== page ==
New Year's Resolutions: 10 Simple Tips to Help You Follow Through

When the ball drops and the calendar turns to January 1, we turn the page to a brand-new year. And if you're like most people, you probably kick off that fresh start by setting New Year's resolutions. After all, it's a new year, new you, right?

But the truth is that a third of those who make a New Year's resolution will break it by the end of January. So if you truly want to become the best you, what's the secret sauce? Here are 10 tips to help you stay on track with your goals and resolutions.

  1. Be Realistic

  2. With the clean start of a new year, it's tempting to fill it with a long list of sky-high goals. However, you're probably setting yourself up for some major letdown. Instead, be realistic. Start small and gradually. For example, if you've never run before, don't set out to run a marathon right away. Instead, aim to walk and run a couple times a week and build up to longer running intervals. In the end, specific, measurable, achievable, results-focused, and time-bound (SMART) goals work best. This way, you have a very clear idea of what you want to achieve and what you need to do to get there.

  3. Break It Up

  4. Big, audacious goals can be exhilarating to think about, but they can also be intimidating, which may mean that you're less likely to stick with them. Instead, break up your goals into smaller and achievable chunks. Plus, if you've set SMART goals, you'll have built-in benchmarks to help keep you accountable.

  5. Write It Down

  6. Once you come up with your goals or resolutions for the new year, write them down. In fact, research from Dominican University of California found that those who wrote down their goals were more likely to achieve them.

  7. Find Your Tribe

  8. One of the best ways to stay on track is to share your goals with your friends and family. In the same aforementioned study, 70 percent of participants sent weekly updates to friends and were more successful in achieving their goals than those who didn't. Whether it's family, friends, or an online community, your tribe can help keep you accountable, while also offering support and encouragement when you're struggling.

  9. Don't Break the Chain

  10. Setting a goal and sharing it with your tribe is the first step to sticking to your New Year's resolutions. The second is to track your goals for regular feedback. Whether you write checks on a calendar or earn badges on an app, once you start to see your progress, you won't want to break the chain.

  11. Choose a Word of the Year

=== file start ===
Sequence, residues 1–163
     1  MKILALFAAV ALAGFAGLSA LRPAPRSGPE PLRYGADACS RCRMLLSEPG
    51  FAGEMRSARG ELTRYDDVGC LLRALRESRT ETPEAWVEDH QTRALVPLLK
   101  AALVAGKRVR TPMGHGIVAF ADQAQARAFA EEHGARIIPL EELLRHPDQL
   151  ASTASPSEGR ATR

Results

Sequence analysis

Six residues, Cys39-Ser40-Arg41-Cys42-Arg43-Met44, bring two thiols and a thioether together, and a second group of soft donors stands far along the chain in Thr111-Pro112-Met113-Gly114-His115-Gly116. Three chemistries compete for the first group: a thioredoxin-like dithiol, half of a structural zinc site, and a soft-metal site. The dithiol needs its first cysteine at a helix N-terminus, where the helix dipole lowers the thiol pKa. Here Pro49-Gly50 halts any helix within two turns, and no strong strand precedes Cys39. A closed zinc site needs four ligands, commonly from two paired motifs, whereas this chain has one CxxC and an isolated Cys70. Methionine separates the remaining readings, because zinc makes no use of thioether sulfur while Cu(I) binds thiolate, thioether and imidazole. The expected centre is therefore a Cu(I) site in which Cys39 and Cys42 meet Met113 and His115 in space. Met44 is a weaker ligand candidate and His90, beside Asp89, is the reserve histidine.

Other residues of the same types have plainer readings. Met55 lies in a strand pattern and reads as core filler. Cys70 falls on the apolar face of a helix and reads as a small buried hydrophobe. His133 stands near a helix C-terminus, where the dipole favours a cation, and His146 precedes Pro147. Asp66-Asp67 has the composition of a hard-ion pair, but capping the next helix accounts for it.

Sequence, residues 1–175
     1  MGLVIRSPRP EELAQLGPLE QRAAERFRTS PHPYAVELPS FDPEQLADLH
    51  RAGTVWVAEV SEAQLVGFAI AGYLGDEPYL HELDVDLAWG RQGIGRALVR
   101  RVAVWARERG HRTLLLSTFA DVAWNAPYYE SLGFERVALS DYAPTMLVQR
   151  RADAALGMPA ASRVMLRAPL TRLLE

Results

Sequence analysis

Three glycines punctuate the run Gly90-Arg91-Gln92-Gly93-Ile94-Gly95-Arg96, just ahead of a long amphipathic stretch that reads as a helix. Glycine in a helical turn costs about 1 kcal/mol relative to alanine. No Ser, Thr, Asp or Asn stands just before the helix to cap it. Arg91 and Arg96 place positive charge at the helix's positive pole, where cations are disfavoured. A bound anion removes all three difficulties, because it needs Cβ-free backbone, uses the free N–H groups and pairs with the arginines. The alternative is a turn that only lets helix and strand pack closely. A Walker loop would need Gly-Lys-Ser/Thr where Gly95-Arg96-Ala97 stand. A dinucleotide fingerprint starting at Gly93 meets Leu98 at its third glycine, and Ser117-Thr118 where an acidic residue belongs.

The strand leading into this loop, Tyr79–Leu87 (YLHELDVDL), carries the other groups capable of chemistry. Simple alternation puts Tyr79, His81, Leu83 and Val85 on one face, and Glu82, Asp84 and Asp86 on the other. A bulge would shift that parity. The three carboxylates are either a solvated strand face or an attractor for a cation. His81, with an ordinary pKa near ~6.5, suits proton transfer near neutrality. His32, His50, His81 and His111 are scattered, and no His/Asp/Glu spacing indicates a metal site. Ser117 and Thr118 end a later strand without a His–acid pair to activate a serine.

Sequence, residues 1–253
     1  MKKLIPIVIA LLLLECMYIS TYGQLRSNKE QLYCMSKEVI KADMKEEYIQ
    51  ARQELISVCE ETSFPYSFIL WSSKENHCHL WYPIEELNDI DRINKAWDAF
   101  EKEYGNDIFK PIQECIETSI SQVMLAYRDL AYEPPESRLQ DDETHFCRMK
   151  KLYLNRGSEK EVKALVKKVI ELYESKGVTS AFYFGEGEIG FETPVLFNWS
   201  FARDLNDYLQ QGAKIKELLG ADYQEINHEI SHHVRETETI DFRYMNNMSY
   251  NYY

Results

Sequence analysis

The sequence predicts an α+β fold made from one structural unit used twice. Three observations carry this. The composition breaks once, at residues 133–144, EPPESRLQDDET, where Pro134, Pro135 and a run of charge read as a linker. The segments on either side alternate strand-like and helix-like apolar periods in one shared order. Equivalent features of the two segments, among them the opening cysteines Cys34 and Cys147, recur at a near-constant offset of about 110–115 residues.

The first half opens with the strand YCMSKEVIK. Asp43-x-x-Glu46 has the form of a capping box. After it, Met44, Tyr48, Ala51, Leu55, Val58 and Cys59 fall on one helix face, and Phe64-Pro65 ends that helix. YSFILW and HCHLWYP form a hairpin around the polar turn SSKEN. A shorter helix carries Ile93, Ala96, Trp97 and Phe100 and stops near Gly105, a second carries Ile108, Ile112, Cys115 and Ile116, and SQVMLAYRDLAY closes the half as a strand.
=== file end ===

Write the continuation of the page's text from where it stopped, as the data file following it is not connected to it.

12. If you find that setting specific goals doesn't motivate or inspire you, choose a word of the year instead. This one word will serve as your focus for the year—a touchpoint to help guide your decisions and actions for the year. Your word can be anything that resonates with you and how you want to live your life.

  13. Create a Vision Board

  14. In many ways, a vision board is one big visualization exercise. It's a representation of your goals and aspirations, and another way to remind yourself of what you're working toward.

  15. Don't Be Afraid to Change Course

  16. Sometimes what seems like a meaningful resolution in January doesn't have the same ring to it in May. A lot can happen over the course of a few months, and sometimes life gets in the way or you realize that your original goal isn't the best fit for you. And that's OK. Set time aside to regularly evaluate your goals. Sometimes that means scaling back on what you thought you wanted to achieve and sometimes that means doing a 180 and changing direction completely.

  17. Don't Obsess

  18. We've all slipped up with New Year's resolutions at one time or another. But here's the thing—it's not the end of the world. So if the excitement surrounding your new goals and resolutions starts to fade by the end of February, don't worry. Luckily, there isn't a New Year's resolution police watching for slip ups, and you can always start over.

  19. Start Anytime

  20. New Year's is a convenient time to set goals. But frankly, it's an arbitrary date on the calendar. Setting goals or intentions on January 1 isn't any different from setting them on February 7, for example. The truth is that you can start anytime.

It's easy to get swept up in the excitement of starting the new year with a clean slate and a long list of lofty resolutions. But with a little planning, and these 10 tips, you can stay on track with your New Year's resolutions.

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